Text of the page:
Established 2005 Registered Charity No. 1110656

Scottish Charity Register No. SC043760

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Controlled Drinking Zones

May 21 2009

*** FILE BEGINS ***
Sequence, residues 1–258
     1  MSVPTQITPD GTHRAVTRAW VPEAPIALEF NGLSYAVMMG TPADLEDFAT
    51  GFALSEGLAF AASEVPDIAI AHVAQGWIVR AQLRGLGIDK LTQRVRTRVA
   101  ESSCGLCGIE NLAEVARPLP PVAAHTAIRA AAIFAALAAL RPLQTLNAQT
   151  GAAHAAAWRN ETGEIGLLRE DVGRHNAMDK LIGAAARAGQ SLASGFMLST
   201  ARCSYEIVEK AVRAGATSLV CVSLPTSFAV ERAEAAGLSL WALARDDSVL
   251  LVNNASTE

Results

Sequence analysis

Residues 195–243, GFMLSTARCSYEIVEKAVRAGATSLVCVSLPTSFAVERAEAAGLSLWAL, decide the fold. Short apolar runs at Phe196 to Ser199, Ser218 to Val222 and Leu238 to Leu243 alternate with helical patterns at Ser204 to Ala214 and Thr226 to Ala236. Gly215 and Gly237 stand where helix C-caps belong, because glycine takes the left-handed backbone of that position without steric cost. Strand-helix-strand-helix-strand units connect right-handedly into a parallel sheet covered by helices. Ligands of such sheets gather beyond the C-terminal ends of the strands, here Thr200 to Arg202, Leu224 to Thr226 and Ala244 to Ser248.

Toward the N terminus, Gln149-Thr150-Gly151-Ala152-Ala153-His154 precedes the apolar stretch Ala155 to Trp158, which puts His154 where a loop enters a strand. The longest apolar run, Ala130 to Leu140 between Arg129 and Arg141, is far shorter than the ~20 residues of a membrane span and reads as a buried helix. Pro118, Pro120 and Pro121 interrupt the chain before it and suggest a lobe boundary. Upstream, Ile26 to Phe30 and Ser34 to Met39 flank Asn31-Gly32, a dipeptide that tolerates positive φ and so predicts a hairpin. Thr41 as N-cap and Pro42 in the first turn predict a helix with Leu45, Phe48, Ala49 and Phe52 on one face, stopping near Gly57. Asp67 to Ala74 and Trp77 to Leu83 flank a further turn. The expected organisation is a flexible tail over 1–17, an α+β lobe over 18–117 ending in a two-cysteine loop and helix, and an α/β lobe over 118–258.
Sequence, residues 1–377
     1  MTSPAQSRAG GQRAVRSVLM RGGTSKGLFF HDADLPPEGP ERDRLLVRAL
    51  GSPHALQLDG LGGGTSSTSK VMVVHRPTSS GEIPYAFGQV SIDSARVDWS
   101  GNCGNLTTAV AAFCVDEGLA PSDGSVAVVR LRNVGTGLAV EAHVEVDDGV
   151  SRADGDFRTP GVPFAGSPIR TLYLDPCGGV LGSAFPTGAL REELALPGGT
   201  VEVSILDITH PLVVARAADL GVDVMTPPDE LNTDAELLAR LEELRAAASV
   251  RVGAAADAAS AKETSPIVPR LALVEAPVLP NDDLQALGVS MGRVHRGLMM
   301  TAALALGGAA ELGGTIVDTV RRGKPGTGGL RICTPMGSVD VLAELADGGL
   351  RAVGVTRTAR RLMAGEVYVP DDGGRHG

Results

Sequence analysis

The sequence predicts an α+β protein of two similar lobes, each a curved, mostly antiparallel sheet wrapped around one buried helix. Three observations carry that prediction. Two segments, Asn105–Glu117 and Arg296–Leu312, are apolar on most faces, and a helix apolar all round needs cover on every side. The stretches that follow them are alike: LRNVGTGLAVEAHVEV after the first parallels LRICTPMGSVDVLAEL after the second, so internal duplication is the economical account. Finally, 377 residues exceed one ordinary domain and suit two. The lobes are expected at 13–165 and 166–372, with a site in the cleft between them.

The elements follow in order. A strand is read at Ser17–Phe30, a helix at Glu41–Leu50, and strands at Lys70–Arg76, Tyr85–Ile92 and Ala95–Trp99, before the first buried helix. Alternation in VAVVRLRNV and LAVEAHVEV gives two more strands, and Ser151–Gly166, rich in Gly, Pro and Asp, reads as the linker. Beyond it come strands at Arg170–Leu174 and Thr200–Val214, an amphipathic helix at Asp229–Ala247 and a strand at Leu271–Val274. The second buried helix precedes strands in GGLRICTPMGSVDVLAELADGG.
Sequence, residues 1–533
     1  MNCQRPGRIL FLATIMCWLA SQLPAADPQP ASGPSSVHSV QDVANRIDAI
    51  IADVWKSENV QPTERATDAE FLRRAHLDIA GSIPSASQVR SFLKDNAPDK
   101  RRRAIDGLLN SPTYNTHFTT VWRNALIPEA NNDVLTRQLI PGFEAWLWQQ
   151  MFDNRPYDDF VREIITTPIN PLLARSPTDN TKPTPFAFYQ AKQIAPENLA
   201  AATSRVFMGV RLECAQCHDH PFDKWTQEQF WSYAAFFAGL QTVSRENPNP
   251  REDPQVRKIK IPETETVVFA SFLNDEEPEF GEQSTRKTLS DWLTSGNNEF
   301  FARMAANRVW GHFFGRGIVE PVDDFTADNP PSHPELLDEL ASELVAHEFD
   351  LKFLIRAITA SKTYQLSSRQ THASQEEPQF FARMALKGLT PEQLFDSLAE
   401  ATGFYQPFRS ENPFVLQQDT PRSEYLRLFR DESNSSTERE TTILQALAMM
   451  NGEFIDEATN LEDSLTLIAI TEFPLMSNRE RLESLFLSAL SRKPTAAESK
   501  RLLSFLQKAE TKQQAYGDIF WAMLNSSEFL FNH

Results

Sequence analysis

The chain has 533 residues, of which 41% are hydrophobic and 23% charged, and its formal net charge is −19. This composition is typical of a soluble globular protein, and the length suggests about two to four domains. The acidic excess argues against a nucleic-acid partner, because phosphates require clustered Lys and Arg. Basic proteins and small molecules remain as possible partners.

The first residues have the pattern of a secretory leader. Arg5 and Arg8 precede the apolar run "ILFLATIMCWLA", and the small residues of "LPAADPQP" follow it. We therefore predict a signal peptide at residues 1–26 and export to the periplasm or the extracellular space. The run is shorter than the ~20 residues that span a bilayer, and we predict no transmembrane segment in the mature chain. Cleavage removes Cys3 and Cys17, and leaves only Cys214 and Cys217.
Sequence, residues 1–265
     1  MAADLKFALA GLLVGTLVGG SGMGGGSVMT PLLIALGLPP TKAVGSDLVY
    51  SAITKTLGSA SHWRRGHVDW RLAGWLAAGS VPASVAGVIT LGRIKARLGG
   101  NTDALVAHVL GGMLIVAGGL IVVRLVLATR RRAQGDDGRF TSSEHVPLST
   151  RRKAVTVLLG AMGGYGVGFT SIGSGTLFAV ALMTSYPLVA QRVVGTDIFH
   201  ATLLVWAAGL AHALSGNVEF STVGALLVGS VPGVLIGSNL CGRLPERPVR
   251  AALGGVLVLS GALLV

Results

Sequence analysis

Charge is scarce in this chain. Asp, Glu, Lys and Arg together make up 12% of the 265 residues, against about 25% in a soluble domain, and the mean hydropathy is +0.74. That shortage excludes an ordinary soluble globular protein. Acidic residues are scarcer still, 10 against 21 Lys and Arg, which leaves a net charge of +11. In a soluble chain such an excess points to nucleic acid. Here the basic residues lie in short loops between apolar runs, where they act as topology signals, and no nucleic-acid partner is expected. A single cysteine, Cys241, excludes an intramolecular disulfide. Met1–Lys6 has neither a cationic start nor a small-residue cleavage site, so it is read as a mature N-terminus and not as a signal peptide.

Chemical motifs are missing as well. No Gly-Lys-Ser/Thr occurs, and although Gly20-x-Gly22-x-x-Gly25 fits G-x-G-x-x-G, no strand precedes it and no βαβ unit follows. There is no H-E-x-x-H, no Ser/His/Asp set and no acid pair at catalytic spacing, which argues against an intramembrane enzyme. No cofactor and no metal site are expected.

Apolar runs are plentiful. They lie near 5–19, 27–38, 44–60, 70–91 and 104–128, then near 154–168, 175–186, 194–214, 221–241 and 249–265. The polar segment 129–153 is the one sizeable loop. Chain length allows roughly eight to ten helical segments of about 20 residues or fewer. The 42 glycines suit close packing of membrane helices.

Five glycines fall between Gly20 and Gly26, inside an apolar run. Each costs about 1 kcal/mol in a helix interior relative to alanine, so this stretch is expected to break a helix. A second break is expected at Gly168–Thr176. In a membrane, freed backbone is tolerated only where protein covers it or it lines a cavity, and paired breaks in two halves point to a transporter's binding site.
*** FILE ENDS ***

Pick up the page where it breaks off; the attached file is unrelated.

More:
CDZs give sweeping powers to the police to arrest anyone who is drinking in a public place As reported in last issue ('Alcohol ban in Camden'), there is currently a push to increase Controlled Drinking Zones (CDZ) in many London boroughs. And the importance of these moves is two-fold: they give the sweeping powers to the police to arrest anyone who is drinking in a public place, confiscate their alcohol and move them on. And, interestingly, they don't appear to be made to target Saturday night revellers, someone standing outside a Soho bar or sitting in a park drinking wine out of a cooler bag. They're aimed predominantly at the disenfranchised, unemployed, homeless street drinkers and people with chronic alcohol dependency problems. For some, drinking is a lifestyle choice and for others it is a way to relieve boredom and loneliness. I am aware that people drinking in groups in public can leave some people feeling intimidated, scared, angry and frustrated. But personally, I feel more intimidated by aggressive and loud young men and women drinking after work in their suits. Groups of impoverished street drinkers meet together for succour and companionship, and pose little threat most of the time. They are members of the community too, but have become soft targets for council officials seeking to up their political game. Street drinkers are being moved on to show the council is "doing something" to assuage public fears about antisocial behaviour rather than tackling the root of the problem. While alcohol treatment can be used as an "olive branch" to keep the peace in the community, severe under-funding in services can mean this is often not delivered. Many street drinkers will just end up being moved on, and thus lost to the system. At the rate that people are being moved, it wouldn't surprise me if some of London's street drinkers ended up on a beach in John O'Groats, huddled together waiting for a passing outreach team from Greenland to pick them up and take them out to the arctic wastes. I have seen cases where street drinkers turn up in other boroughs after being thrown off their patch and not being able to access services because they don't have a local connection. It's also difficult for outreach workers to coordinate care for people when no one borough will take responsibility for them. As an outreach worker, some of the people I meet on the street see me as part of a system that's out to hound them rather than help them. This makes talking to them much harder. What's needed is a strategy that responds to alcoholics' needs, not reacts to them. We need to stop getting people off the streets at any costs, pressuring them to change in the name of a 'strategy.' You may be able to get people to comply, but whether or not they are going change is another matter. Changing people's perceived antisocial behaviour takes time and experience. What is also needed is proper research into the living conditions of street drinkers living in unsupported local authority or housing association properties so we can better understand what drives them out onto the streets in the first place.